A lot of Dtoiders have probably already heard about Rusty Hearts, a free-to-play, anime-inspired dungeon crawler; this year at PAX, though, Perfect World was showing off its latest project, Blacklight: Retribution, a free-to-play competitive first-person shooter.
Most of the gameplay is pretty standard stuff. Before you spawn, you have the chance to choose one of several loadouts, including assault, sniper and heavy weapons. Each “class” has a few different weapons available to them, with a few more available on the map. As you and your team make progress, you can stop by a depot and quickly call in additional weapons like flamethrowers or heavy mechs.
Blacklight starts to separate itself from most other contemporary shooters by creative implementation of some of these pieces of equipment. For example, in most games, you would need a rocket launcher or similar anti-vehicle weapon to put any real dent in the health of an armored unit. In Blacklight, you can use the HRV (hyper-reality visor) to show weak points, enemy positions through walls, etc. It is entirely possible to track hidden snipers or to punch a mech until it explodes if properly utilized. The visor does take awhile to recharge, so some strategy comes into play when using it. The visor was in the first game, but its applications were limited without the inclusion of vehicles and heavy weapons.
I managed to eek out a few rounds with a guy from GameRevolution and another writer from PlayStation Life. We played against a few other PAX attendees, Fans vs. Writers. We lost the first round, but it was decently close. I took a lot longer getting used to the concept of using the HRV than I am comfortable admitting, but once I got the hang of it, I could use it and quickly report positions to the team so we always knew where the enemy was. We came back and swept the floor with our opponents the second round.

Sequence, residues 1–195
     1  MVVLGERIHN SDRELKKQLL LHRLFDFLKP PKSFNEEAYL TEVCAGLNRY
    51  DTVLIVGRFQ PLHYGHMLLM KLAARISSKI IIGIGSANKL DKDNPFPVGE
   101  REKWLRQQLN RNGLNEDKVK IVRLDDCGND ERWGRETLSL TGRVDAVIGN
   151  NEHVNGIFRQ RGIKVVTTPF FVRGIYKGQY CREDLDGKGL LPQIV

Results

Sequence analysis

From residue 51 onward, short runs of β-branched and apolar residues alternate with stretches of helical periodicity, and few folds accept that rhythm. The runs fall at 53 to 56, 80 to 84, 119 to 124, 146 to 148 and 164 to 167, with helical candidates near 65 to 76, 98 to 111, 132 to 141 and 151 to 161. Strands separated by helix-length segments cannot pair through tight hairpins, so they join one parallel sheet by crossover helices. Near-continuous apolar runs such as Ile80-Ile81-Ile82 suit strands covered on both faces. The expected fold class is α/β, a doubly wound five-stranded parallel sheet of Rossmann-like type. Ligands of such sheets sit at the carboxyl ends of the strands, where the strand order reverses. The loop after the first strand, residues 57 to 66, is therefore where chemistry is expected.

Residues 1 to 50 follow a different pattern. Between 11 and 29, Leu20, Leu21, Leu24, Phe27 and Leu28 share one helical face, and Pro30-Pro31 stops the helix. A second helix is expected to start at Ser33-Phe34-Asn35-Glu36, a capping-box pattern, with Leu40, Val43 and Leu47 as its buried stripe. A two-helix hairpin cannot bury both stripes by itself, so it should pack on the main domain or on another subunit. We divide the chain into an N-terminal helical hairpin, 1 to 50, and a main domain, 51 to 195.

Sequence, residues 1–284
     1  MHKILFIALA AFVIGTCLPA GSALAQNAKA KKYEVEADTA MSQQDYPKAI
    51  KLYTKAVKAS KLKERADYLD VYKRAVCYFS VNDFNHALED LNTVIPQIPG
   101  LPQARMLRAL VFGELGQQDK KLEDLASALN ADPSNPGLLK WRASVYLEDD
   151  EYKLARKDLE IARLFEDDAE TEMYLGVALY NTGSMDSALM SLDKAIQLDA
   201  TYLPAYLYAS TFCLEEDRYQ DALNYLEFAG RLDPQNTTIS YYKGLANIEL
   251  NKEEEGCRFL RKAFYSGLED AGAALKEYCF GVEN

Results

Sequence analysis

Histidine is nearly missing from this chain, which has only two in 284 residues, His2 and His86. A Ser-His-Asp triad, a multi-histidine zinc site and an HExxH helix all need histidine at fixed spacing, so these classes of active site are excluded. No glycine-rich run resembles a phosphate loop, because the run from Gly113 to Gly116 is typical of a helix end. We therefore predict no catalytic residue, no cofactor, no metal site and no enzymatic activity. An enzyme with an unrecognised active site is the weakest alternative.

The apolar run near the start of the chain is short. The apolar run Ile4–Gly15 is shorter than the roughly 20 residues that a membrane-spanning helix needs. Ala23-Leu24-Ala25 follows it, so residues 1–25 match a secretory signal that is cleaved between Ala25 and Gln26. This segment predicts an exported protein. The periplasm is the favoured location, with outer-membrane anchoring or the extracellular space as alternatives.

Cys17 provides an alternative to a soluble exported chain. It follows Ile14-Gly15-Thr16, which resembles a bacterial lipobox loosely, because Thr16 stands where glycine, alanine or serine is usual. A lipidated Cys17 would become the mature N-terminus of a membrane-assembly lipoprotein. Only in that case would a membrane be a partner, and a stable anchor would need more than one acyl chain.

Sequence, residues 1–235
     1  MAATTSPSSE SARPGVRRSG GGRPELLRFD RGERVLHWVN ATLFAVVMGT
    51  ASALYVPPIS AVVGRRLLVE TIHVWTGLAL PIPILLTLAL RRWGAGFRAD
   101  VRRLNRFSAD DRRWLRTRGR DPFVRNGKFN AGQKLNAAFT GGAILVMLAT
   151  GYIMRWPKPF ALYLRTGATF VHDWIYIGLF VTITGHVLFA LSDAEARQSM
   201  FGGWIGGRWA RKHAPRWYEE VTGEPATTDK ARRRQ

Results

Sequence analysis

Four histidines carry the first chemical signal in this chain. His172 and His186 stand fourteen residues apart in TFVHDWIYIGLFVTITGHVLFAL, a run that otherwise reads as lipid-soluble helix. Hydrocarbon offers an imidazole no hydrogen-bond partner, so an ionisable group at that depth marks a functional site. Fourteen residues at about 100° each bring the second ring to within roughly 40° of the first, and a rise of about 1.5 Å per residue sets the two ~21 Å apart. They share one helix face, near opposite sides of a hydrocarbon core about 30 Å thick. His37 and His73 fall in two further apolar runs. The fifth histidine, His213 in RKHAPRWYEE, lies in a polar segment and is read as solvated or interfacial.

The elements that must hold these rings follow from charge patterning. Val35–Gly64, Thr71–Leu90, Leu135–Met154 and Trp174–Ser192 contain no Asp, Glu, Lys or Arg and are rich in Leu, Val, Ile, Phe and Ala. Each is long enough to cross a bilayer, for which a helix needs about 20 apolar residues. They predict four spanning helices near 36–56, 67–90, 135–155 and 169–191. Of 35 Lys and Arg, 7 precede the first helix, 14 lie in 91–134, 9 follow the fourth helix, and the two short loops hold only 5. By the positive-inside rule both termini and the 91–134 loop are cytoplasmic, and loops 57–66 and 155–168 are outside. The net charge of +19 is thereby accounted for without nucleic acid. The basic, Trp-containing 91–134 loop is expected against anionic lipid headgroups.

We played in what appeared to be a military factory for the heavy mech suits available for call-down. There were lots of tight areas that confound intelligence gained from the HRV and some nice open areas for big showdowns. At one point, our team chose to use myself and one of the other guys as a distraction so the third could use a flamethrower on an enemy mech and force him to abandon the unit. Once we had control of it, we cruised to an easy win.
Between this and Firefall, the subtle prejudice I have for free-to-play games has definitely been called into question. I tend to think of F2Ps as janky-ass projects with dated graphics and even worse gameplay that spam users with ads, but I was really impressed. Blacklight definitely keeps pace with non-Battlefield 3 AAA titles, and it feels solid. We’ll see if it proves to be more successful than its predecessor.
Blacklight: Retribution is tentatively scheduled for a 2012 release.